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Distributed k-Means and k-Median Clustering on General Topologies

arXiv.org Machine Learning

This paper provides new algorithms for distributed clustering for two popular center-based objectives, k-median and k-means. These algorithms have provable guarantees and improve communication complexity over existing approaches. Following a classic approach in clustering by \cite{har2004coresets}, we reduce the problem of finding a clustering with low cost to the problem of finding a coreset of small size. We provide a distributed method for constructing a global coreset which improves over the previous methods by reducing the communication complexity, and which works over general communication topologies. Experimental results on large scale data sets show that this approach outperforms other coreset-based distributed clustering algorithms.


Influence of graph construction on graph-based clustering measures

Neural Information Processing Systems

Graph clustering methods such as spectral clustering are defined for general weighted graphs. In machine learning, however, data often is not given in form of a graph, but in terms of similarity (or distance) values between points. In this case, first a neighborhood graph is constructed using the similarities between the points and then a graph clustering algorithm is applied to this graph. In this paper we investigate the influence of the construction of the similarity graph on the clustering results. We first study the convergence of graph clustering criteria such as the normalized cut (Ncut) as the sample size tends to infinity. We find that the limit expressions are different for different types of graph, for example the r-neighborhood graph or the k-nearest neighbor graph. In plain words: Ncut on a kNN graph does something systematically different than Ncut on an r-neighborhood graph! This finding shows that graph clustering criteria cannot be studied independently of the kind of graph they are applied to. We also provide examples which show that these differences can be observed for toy and real data already for rather small sample sizes.


Influence of graph construction on graph-based clustering measures

Neural Information Processing Systems

Graph clustering methods such as spectral clustering are defined for general weighted graphs. In machine learning, however, data often is not given in form of a graph, but in terms of similarity (or distance) values between points. In this case, first a neighborhood graph is constructed using the similarities between the points and then a graph clustering algorithm is applied to this graph. In this paper we investigate the influence of the construction of the similarity graph on the clustering results. We first study the convergence of graph clustering criteria such as the normalized cut (Ncut) as the sample size tends to infinity. We find that the limit expressions are different for different types of graph, for example the r-neighborhood graph or the k-nearest neighbor graph. In plain words: Ncut on a kNN graph does something systematically different than Ncut on an r-neighborhood graph! This finding shows that graph clustering criteria cannot be studied independently of the kind of graph they are applied to. We also provide examples which show that these differences can be observed for toy and real data already for rather small sample sizes.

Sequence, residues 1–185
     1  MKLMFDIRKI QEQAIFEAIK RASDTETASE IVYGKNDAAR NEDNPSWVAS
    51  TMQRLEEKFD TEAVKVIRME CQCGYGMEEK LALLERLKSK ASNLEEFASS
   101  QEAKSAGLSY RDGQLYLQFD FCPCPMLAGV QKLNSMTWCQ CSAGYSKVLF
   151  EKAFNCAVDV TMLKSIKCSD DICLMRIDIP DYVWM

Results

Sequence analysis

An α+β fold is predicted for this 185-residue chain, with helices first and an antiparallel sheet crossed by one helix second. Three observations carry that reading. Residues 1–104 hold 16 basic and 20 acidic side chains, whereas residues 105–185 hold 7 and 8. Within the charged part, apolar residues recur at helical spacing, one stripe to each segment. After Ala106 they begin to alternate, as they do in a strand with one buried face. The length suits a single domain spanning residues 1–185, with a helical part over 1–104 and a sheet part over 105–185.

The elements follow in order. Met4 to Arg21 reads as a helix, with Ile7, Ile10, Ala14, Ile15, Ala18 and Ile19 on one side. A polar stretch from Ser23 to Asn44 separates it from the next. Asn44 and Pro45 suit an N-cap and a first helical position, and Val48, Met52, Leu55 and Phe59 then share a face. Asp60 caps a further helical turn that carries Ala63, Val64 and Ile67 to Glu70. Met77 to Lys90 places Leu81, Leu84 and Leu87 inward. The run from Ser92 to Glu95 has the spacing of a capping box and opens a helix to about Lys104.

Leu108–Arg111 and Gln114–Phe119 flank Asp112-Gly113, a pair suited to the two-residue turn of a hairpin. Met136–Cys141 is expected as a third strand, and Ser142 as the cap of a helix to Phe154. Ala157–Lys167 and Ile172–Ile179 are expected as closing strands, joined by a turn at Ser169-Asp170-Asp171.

Influence of graph construction on graph-based clustering measures

Neural Information Processing Systems

Graph clustering methods such as spectral clustering are defined for general weighted graphs. In machine learning, however, data often is not given in form of a graph, but in terms of similarity (or distance) values between points. In this case, first a neighborhood graph is constructed using the similarities between the points and then a graph clustering algorithm is applied to this graph.


Optimal construction of k-nearest neighbor graphs for identifying noisy clusters

arXiv.org Machine Learning

We study clustering algorithms based on neighborhood graphs on a random sample of data points. The question we ask is how such a graph should be constructed in order to obtain optimal clustering results. Which type of neighborhood graph should one choose, mutual k-nearest neighbor or symmetric k-nearest neighbor? What is the optimal parameter k? In our setting, clusters are defined as connected components of the t-level set of the underlying probability distribution. Clusters are said to be identified in the neighborhood graph if connected components in the graph correspond to the true underlying clusters. Using techniques from random geometric graph theory, we prove bounds on the probability that clusters are identified successfully, both in a noise-free and in a noisy setting. Those bounds lead to several conclusions. First, k has to be chosen surprisingly high (rather of the order n than of the order log n) to maximize the probability of cluster identification. Secondly, the major difference between the mutual and the symmetric k-nearest neighbor graph occurs when one attempts to detect the most significant cluster only.